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Govt, Russia to set out energy vision during Vladimir Putin's India visit

The aspiration to build a pipeline passage to the country will be 'there' in the joint Indo-Russian statement, an Indian official said, but details remain sketchy.

Douglas Busvineand Katya Golubkova | December 9, 2014 | Updated 19:23 IST
Prime Minister Narendra Modi (L) with Russian President Vladimir Putin
Prime Minister Narendra Modi (L) meets with Russian President Vladimir Putin during the sixth BRICS Summit (Photo: Reuters)

India and Russia will strike an energy partnership when Prime Minister Narendra Modi hosts President Vladimir Putin on Thursday to prepare the way for two Siberian oil deals and chart a route for a first pipeline between the two countries.

However, a joint 'vision' document is likely to lack hard details, with terms still being thrashed out for ONGC (Oil and Natural Gas Corp) Videsh to acquire an interest in Rosneft's Vankor and Yurubcheno-Tokhomskoye oilfields, domestic and Russian officials and industry sources say.

There are doubts over the viability of proposed oil and gas pipeline routes that would either cross conflict-ridden Afghanistan and Pakistan or mountainous tracts of inner China.

Russia, isolated by the West over its annexation of Crimea and backing of an armed uprising in eastern Ukraine, has a friendship with the country that dates back to the Soviet era.

"In the present circumstances, when Europe is trying to isolate Russia, Putin wants to show that he has friends in the world," said Gulshan Sachdeva, head of the Centre for European Studies at Jawaharlal Nehru University (JNU) in the national capital.

"Modi and Putin are similar leaders. They like to announce big schemes," Sachdeva added. "It might make sense to do so - whether or not they come to fruition is another matter."

The government explicitly rules out joining Western sanctions against Russia although the Prime Minister has struck up an increasingly warm friendship with his United States counterpart Barack Obama since winning power in May, and will host the US President in January.

Putin has been a regular visitor to India since becoming president in 2000 but the trip will be a one-day affair. A proposal for him to address the Parliament was quietly dropped.

Russo-Indian trade, which stands at US $10 billion, is only a ninth of the volume between Russia and China.


Officials on both sides say the strategic declaration will encompass issues from defence to nuclear power and even diamonds, with state monopoly Alrosa keen to ramp up exports to the country.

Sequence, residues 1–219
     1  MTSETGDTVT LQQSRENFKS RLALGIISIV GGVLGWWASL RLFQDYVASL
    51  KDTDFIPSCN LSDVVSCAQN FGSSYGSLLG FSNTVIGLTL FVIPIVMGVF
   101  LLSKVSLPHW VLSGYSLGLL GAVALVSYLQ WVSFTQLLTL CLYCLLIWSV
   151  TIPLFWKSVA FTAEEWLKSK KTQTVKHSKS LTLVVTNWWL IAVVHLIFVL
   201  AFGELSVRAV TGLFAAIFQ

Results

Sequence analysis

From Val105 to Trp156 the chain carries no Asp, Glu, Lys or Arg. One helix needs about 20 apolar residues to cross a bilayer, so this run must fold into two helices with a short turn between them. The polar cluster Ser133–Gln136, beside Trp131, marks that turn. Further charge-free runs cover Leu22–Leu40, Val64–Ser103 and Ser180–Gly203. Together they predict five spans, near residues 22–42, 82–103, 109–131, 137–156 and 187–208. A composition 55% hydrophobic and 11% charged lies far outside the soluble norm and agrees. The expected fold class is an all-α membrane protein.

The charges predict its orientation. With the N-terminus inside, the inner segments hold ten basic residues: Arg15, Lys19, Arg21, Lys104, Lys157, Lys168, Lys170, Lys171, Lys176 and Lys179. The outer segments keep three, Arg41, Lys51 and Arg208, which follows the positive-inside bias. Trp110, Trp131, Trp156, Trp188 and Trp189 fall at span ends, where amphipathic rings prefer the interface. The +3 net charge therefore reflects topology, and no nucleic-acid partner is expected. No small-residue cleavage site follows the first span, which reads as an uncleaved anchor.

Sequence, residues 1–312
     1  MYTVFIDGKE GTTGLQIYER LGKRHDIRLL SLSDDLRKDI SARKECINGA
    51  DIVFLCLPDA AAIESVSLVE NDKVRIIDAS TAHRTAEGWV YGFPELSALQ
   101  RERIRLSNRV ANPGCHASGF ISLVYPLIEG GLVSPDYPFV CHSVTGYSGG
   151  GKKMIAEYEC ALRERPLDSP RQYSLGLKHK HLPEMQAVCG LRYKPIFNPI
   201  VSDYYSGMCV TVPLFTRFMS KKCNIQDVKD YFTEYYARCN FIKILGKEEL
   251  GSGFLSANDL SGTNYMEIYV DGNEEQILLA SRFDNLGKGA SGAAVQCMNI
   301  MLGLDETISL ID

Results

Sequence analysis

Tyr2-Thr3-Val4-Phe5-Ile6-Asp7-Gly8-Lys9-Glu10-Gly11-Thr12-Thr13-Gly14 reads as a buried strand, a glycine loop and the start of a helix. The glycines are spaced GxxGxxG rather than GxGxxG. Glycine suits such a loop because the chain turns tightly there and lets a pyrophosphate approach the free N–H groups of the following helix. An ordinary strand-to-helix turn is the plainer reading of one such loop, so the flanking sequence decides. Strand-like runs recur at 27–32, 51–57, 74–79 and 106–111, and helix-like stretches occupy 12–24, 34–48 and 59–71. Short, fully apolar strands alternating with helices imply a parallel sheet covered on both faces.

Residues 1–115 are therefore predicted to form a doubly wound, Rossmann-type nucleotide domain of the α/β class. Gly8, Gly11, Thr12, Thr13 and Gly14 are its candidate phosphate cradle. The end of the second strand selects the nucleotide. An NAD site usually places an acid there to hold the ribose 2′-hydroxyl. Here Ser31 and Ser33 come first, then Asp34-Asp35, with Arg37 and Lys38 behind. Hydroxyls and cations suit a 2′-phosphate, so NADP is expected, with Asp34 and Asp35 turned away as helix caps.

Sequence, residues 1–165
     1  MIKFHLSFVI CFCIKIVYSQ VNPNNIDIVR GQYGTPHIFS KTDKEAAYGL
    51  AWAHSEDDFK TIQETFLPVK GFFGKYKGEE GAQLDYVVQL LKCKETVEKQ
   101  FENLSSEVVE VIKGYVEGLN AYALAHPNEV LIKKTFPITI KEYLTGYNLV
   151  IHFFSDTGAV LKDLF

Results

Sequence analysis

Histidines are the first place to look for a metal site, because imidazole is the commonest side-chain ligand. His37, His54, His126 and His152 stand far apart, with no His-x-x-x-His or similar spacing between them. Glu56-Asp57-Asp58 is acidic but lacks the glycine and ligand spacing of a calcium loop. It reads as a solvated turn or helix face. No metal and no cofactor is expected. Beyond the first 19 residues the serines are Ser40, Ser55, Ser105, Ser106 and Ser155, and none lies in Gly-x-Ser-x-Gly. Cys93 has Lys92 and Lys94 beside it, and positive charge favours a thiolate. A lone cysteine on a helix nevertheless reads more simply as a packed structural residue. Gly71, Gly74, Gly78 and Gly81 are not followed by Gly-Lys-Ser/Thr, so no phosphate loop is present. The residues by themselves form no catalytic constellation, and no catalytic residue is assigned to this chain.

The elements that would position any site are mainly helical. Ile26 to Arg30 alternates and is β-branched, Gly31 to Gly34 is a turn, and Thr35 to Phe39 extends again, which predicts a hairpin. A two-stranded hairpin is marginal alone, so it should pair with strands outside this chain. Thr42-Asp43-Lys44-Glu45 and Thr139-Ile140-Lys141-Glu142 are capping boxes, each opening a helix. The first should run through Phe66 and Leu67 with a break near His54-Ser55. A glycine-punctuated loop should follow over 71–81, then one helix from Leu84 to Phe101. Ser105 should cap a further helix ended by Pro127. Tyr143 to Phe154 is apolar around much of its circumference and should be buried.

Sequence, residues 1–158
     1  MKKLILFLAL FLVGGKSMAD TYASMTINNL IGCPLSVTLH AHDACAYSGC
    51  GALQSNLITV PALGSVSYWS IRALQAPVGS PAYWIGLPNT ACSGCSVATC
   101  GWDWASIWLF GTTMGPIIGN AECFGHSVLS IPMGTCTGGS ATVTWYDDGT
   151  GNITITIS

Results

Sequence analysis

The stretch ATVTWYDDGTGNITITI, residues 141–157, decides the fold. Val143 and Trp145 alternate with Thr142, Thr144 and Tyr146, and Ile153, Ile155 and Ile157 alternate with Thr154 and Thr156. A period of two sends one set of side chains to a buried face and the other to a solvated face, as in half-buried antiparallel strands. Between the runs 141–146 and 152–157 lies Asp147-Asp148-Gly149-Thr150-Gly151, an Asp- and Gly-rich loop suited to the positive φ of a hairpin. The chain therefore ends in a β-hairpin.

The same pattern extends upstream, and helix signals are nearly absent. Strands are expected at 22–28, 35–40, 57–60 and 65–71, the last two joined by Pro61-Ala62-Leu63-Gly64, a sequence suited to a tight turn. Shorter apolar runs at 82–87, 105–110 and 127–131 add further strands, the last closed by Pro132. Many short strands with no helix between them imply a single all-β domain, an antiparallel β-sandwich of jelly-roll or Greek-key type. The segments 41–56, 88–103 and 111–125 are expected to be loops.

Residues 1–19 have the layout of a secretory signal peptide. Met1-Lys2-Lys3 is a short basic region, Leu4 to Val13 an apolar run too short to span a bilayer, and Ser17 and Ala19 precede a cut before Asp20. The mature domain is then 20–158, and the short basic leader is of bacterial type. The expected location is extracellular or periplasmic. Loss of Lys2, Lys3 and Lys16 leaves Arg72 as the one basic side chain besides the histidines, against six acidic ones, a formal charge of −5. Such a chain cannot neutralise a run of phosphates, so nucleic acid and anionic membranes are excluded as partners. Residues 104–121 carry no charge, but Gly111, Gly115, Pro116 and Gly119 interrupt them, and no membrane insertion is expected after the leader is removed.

"The visit will solidify the political relationship; confirm Russia as India's principal purveyor of arms; and expand ties in other areas, such as nuclear energy," said Dmitri Trenin, director of the Carnegie Moscow Center.

Russia's state-controlled Rosneft, the world's largest listed oil firm by output, is strapped for cash due to Western sanctions, and is showing increased willingness to offer upstream projects to the country.

But wrangling continues over the interest ONGC's overseas arm ONGC Videsh would get in Vankor, which is expected to reach peak output of 500,000 barrels per day in 2019.

Government sources say that Rosneft has offered a 10 per cent stake in the Vankor operating company, but that the centre is pushing for a 25 per cent interest that would allow ONGC Videsh to book equity barrels.

The government is also seeking tax breaks on a proposed 49 per cent stake in Yurubcheno-Tokhomskoye, a greenfield project in eastern Siberia, because under Russia's existing fiscal regime the field would lose money.

ONGC Videsh partners Rosneft and US ExxonMobil in the Sakhalin-1 offshore energy project. State-run ONGC also owns struggling Siberian producer Imperial Energy.

The aspiration to build a pipeline passage to the country will be 'there' in the joint Indo-Russian statement, a second Indian official said, but details remain sketchy.

Russia's ambassador to India, Alexander Kadakin, told reporters that an export route via China's westernmost province of Xinjiang was under consideration but needed to be studied further due to challenging terrain.

Indian officials have pushed the idea of a US $40 billion pipeline to pump Siberian gas to the country, but even if it is practicable it would struggle to compete with tanker-shipped liquefied natural gas (LNG).

The country imports 80 per cent of the 4 million bpd of crude that it consumes daily, making an oil link a more promising option, yet proposals have so far failed to get off the drawing board.

Russia's Eastern Siberia-Pacific Ocean oil pipeline has a capacity of 1.6 million bpd, while state natural gas monopoly Gazprom is working to finalise a US $400 billion deal to pump gas to China.


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